Streltsov wrote in his email to Reporter that “our people benefited a lot” from the presentations of the three Synod leaders, who “are closely involved in the global work of the LCMS today, so it is always interesting to hear what they have to say. Besides, they managed to retain their theological expertise and pastoral attitude despite their bureaucratic engagements — a rarity nowadays.”
He added that several seminar participants told him that they “really liked the lectures” by the LCMS leaders.
“I see the major impact of such seminars in increased awareness of their participants of the treasures contained in the Holy Scriptures and Lutheran Confessions,” Streltsov wrote. “Seminar materials will enable them to stay focused in the heterodox or non-Christian hostile environment in which they find themselves.”
The LCMS leaders began their Siberian visit in Novosibirsk, after a several-hour plane ride from Moscow. Streltsov then led them on the tour of the seminary.
Golter was “particularly impressed” with the seminary’s location in Novosibirsk, which has a population of about two million — “a major metropolitan area which during the communist era was the scientific center of the Soviet Union,” he said. “It is crucial for confessional Lutherans to have a seminary there, in the midst of such an academic and scientific setting,” he continued, adding that some 35 research institutes are located in that city.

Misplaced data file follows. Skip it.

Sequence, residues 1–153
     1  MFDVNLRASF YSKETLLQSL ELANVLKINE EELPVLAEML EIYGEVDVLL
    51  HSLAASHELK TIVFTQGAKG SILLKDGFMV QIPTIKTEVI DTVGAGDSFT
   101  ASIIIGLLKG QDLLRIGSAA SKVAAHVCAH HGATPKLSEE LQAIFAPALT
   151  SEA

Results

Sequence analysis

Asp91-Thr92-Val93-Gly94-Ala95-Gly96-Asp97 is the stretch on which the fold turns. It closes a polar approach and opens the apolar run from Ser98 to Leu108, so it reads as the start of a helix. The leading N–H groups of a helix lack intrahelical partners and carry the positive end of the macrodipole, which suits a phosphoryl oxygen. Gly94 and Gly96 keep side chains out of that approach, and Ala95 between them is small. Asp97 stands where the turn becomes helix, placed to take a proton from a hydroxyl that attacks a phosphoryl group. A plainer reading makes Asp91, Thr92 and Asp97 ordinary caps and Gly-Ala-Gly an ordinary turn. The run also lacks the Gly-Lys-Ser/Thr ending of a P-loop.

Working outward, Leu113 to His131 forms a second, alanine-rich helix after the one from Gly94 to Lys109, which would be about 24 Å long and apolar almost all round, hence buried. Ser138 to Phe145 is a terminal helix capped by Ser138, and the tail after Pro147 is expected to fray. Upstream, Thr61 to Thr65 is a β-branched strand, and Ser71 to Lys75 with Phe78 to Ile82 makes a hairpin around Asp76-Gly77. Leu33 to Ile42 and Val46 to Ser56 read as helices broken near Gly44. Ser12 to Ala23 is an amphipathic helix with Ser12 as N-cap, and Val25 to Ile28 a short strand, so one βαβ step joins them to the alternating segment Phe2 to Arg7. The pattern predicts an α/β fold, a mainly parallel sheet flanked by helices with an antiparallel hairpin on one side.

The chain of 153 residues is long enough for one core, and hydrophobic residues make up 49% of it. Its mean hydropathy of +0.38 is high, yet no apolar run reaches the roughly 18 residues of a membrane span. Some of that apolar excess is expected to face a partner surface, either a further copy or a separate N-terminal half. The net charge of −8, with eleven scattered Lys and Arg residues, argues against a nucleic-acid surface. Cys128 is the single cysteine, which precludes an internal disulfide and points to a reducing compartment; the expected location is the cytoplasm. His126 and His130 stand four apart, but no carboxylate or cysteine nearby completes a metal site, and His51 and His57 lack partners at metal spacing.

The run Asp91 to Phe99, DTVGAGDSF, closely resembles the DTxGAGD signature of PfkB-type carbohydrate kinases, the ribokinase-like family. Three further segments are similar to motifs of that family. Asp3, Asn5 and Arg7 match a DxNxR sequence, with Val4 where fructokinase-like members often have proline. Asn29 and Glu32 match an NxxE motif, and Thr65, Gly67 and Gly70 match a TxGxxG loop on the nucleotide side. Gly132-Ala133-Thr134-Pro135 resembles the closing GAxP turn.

Novosibirsk served as a base for the group as they traveled within a 200-mile radius of there for the seminars and to congregations and other sites where they met with pastors and lay people.
Golter said that the time in Siberia this summer did indeed help him “understand the context of the SELC and how we can work together with that church with whom we are in fellowship — for their being church and our being church — to help preach the Gospel in that region of the world.”
Collver echoed Golter’s commitment for the Synod and the SELC to work together in Gospel outreach, adding that such “joint work in Central Asia” would be helped with the Siberian church’s current work among “several ethnic groups” that are already represented within its membership.
Currently, the SELC consists of approximately 21 congregations and 21 pastors and deacons across Siberia, which covers the largest land area of any LCMS partner church.
Golter pointed out that in 1918, Lutheran membership in Russia numbered more than a million, but was then decimated over the next 70 years of communist control.
He also noted that the history of Lutheranism in Russia preceded the LCMS, since it existed there in the 16th century soon after the Reformation.
Golter concluded that in Siberia, it is “a wonderful thing to see pastors and laypeople being faithful Lutherans … where God has placed them, despite the challenges of revitalizing a church that was almost extinguished. The challenges are great, but God is faithful. And this church wants to be faithful to Lutheran doctrine and practice.”
Updated September 7, 2013